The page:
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Pasture restoration with horses

 
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Any advice on restoring pasture with a horse and a mini donkey? We have been rotating them for 6 months with seemingly decent success. One part of the land is forest that we cleared and is now bare ground with weeds. The other part is eatablished grass with some mixed weeds

Should we mow down weeds after they go through an area? I know weeds help rebuild soil...also, with only two animals, mob grazing doesn't really happen, though we try to put them in a small area that forces them to eat less desirable plants. How short do you want them to eat down the grass? At this point they leave about 1/2 untouched and 1/2 eaten down to ground level. And we can't make the pen any smaller - and they basically refuse to eat the stuff they don't want to.
 
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Location: Cornwall, Canada
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We cut down the weeds and knock all the manure piles to help control parasites.
 
Katie Jarvis
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We do have poultry that scratch out all the manure, but good to know about the weeds.
 
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Location: Milltown, WI
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goat trees chicken
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I have nothing but questions to add to your question--hope you won't mind my piggybacking on yours!  I have two goats and dragged their fencing 4 cattle attached panels over an acre or two before I got worn out and tilled and planted grasses and alfalfa on my 8 tillable acres.  Is cutting and haying it 3x / year (for weed control) damaging to the soil?  In Googling, I read on a forum that it is.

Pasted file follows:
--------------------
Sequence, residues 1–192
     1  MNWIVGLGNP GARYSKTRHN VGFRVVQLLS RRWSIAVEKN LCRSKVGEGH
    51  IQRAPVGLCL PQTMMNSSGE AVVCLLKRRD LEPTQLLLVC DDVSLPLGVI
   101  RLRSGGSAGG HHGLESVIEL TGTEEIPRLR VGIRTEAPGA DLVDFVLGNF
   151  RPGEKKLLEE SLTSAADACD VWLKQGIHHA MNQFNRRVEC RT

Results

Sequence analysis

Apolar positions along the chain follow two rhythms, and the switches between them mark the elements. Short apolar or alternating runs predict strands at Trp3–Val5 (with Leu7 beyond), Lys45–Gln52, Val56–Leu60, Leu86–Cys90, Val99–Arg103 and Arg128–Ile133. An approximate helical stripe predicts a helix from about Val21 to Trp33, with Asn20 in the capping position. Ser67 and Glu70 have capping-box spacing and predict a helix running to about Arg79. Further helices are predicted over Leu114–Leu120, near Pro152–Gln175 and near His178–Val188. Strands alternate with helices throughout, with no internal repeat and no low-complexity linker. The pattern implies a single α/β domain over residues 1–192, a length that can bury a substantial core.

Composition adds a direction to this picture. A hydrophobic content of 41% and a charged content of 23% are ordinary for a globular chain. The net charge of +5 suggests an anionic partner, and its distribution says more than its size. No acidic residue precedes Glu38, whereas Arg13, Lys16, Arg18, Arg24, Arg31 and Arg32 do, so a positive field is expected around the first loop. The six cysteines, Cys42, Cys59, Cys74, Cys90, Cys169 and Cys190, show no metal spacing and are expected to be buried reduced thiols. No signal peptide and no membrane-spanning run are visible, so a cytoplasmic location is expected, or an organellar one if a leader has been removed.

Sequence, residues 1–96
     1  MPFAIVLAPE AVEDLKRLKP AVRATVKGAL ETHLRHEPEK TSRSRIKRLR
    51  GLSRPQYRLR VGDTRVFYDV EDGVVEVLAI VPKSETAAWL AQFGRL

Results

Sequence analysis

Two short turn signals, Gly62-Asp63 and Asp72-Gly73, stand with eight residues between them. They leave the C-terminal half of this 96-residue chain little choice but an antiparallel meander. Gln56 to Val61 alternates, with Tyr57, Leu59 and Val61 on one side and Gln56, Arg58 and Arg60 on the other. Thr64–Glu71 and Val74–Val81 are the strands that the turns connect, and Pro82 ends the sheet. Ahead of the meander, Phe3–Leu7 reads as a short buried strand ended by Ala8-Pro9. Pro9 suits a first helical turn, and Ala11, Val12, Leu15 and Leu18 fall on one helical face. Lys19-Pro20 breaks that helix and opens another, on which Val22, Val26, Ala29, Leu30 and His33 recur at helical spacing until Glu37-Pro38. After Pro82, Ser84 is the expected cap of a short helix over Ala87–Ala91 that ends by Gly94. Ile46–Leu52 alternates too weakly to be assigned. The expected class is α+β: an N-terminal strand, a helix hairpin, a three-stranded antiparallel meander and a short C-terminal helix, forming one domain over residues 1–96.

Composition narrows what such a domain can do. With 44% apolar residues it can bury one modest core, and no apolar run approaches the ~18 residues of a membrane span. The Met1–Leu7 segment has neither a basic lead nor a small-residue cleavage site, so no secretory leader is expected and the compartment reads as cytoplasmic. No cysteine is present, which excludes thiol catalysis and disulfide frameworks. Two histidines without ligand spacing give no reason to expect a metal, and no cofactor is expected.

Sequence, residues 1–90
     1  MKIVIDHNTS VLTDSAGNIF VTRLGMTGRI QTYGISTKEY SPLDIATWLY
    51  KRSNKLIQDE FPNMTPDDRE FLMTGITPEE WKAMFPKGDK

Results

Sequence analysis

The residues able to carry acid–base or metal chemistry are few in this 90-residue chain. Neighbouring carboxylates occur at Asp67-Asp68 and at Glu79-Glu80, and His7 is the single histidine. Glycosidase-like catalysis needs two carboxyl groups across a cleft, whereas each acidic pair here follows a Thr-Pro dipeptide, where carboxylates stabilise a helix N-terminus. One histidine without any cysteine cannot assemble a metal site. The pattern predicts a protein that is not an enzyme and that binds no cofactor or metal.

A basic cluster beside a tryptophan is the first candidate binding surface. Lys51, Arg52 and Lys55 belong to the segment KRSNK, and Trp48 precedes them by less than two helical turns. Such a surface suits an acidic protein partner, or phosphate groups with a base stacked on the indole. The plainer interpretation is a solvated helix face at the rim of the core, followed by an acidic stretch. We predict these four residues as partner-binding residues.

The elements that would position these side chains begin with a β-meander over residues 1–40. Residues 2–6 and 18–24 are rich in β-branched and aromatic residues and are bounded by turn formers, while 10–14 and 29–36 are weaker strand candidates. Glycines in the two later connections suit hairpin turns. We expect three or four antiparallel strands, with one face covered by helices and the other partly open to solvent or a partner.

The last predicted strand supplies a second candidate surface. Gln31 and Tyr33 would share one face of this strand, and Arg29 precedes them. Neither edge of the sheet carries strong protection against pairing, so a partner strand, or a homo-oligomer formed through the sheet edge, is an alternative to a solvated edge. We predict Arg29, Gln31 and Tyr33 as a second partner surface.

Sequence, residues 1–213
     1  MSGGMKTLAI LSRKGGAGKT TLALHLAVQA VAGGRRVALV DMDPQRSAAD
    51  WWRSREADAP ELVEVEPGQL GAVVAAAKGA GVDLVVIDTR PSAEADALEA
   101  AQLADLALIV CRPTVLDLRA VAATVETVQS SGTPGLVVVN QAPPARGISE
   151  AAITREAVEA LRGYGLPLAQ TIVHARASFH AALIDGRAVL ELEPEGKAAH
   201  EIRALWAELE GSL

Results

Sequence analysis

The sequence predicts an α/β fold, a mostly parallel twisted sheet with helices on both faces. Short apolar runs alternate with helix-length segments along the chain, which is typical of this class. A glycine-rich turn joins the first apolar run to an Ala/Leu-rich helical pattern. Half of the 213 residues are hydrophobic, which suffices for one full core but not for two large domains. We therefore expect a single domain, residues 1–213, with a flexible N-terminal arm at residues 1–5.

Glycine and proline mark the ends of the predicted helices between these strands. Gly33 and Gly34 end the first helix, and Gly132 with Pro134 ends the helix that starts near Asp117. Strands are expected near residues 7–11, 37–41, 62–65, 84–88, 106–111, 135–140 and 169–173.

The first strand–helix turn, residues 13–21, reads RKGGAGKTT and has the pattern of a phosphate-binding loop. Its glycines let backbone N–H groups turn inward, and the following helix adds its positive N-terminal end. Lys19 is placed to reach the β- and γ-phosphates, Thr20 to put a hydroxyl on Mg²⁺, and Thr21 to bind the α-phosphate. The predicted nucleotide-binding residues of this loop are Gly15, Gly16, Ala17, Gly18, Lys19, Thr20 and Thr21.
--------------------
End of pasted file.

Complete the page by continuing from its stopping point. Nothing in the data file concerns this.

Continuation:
gardener
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Haying, as in removing the hay, is removing future nutrients from the soil. If its fed to the goats and they add their manure back, then it balances out.

 
pollinator
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this might help with how you determine what is the right time to move the animals. https://vimeo.com/savoryinstitute/readingyourland

also as horses and donkeys are not ruminants, you might want to consider adding in microbe teas to help increase microbes on your land.  if you want to grow your own microbes please see korean natural farming.
 
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From my experience with horses, they simply aren't going to eat the less desirable plants unless they are actually starving. They aren't ruminants and won't eat broadleaf weeds, generally only grass.

You would have to mix in ruminants like goats to get rids of other plants without mowing. I never did anything related to restoration with my horse's pasture but I would go through and mow down the weeds two or three times over a year so they wouldn't go to see.

You might want to try seeding in clover or alfalfa because they will eat those and they're legumes.
 
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Location: Los Angeles CA
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fish bike bee
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Gabe Brown a no-plow farmer in Bismark ND publishes videos of his talks on youtube and has many answers to the questions raised in this thread.  
 
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I am also looking for ways to build soil on a heavily compacted horse pasture that only grows weeds. Someday the field will be mine but for now it must house horses. Wondering if there is a way I could use the horses in the meantime to start building soil or maybe they are just permanent destroyers... haha
 
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I would be VERY careful mob grazing horses. There are a lot of plants which can hurt horses, and they don’t seem to have the common sense that most livestock has about what to avoid. Add some actual hunger and be prepared for trouble.
 
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